1. Who is your favorite character?
Answer: My favorite female character is Beatrice because she is self-confident, proud, tartly and eloquent. Her behaviour is unconventional and she loves her liberty.
2. You can either date Signor Benedick, Signor Claudio, Don Pedro or Don John. Who would you ask out on a date? Explain your choice.
Answer: I think I am too choosy for dating just one of them, because they all have character traits. I like Signor Benedick because of his humour and charm. I prefer Signor Claudio because of his emotionalism, sensibility and sensitiveness. I am into Don Pedro because of his maturity and his honourableness. I love Don John because he is the “bad guy” with a mystic aura and his outward appearance is very handsome! (Don John played by Keanu Reeves [hot!] in the movie by Kenneth Branagh, 1993)
3. Which of the two marriages look more promising: that of Claudio and Hero, or that of Benedick and Beatrice? Take into consideration the behavior of the four characters during the plot.
Answer: At first it is important to figure out what “promising” means. From my point of view it does not mean that they live happily ever after and there will be no divorce. I think it means that couple complements one another. It is about felicity, happiness, faithfulness and honesty.
|Beatrice ♥ Benedick||– humour is very important
– but are their feelings deep enough?
– finally they confessed their love
– their characters are very similar
|Hero ♥ Claudio||– very deep feelings
– but Claudio is doubtful
– is it an arranged marriage or a love marriage?
I think both of those relationships are wonderful and promising. It works if you have fun together and it works if you love each other!
4. Letter writing: Imagine you have just seen William Shakespeare on the street. There were so many things you wanted to ask/tell him about his latest comedy Much Ado About Nothing. Unfortunately, he was off to a press conference. So you decide to write him a letter instead. You may want to (and you should) make use of the following adjectives:
impressing [beeindruckend] – touching [berührend] – inspiring [inspirierend] – powerful [kraftvoll] – striking [bemerkenswert] – affecting [rührend] – unmemorable [nicht sehr beeindruckend] – implausible [unglaubwürdig] – up-to-date [aktuell]– dubious [fragwürdig] – improbable [unwahrscheinlich]– unconvincing [nicht überzeugend] – (un)realistic [(un-)realistisch] – cheesy (col.) [kitschig] – light-hearted [unbeschwert] – entertaining [unterhaltsam] – charming [reizend] – diverting [zerstreuend] – humorous [humorvoll] – enchanting [bezaubernd] – captivating [fesselnd] – romantic [romantisch] – gripping [spannend]– spellbinding [faszinierend] – mind-numbing [todlangweilig] – repetitive [sich wiederholend] – monotonous [monoton] – tedious [ermüdend] – outdated [überholt] – hilarious [lustig] – stilted [gestelzt] – constructed [konstruiert] – pretentious [prätentiös] – shallow [flach] – side-splitting [zwerchfellerschütternd] – contradictory [widersprüchlich] – inconsistent [ungereimt] – misleading [irreführend] – soppy [rührselig] – sentimental [sentimental]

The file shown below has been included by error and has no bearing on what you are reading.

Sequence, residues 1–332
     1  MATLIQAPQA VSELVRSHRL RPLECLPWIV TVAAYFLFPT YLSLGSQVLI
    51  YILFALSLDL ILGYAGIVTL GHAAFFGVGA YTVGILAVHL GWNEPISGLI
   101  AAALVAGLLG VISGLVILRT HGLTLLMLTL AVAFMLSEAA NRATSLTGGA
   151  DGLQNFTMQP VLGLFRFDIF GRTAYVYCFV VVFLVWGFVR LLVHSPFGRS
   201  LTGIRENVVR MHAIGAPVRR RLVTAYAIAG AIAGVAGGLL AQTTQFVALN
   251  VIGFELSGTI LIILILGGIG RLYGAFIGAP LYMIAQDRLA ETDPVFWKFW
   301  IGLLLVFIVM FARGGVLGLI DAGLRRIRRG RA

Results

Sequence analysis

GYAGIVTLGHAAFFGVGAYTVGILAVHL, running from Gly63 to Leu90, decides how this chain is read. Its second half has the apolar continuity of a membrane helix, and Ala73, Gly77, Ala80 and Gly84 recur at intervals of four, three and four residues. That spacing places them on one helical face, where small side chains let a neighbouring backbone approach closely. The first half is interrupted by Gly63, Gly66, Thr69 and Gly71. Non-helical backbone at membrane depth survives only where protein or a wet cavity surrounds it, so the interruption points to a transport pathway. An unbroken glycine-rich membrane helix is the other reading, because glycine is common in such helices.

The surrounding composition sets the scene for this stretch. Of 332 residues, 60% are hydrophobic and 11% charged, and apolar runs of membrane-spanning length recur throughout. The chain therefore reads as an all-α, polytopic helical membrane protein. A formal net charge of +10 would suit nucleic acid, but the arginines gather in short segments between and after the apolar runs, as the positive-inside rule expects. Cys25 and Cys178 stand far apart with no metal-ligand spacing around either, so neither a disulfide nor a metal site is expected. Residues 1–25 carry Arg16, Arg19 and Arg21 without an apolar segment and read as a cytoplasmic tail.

“Dear Mr. Shakespeare,
There are so many things about “Much Ado About Nothing” I have been longing to tell you ever since I first read your comedy …
You are one of the most important playwright ever – and I am glad that you found the time to read my letter.
I have read your comedy “Much Ado About Nothing” in my English-course. And I enjoyed it especially because of the blog-project around this captivating and impressing piece of English literature! The language you used is very striking and inspiring! On the one hand there are touching and affecting tragic elements (e.g. the cancelled wedding between Claudio and Hero), on the other hand the entertaining and humorous disputations between Benedick and Beatrice are side-splitting and hilarious. Sometimes I was laughing, sometimes I was strained: The cheesy and light-hearted (and maybe shallow and implausible) happy-end makes me love your romantic and enchanting comedy set in Messina.
Kind regards to you and the 16th century ;-) ”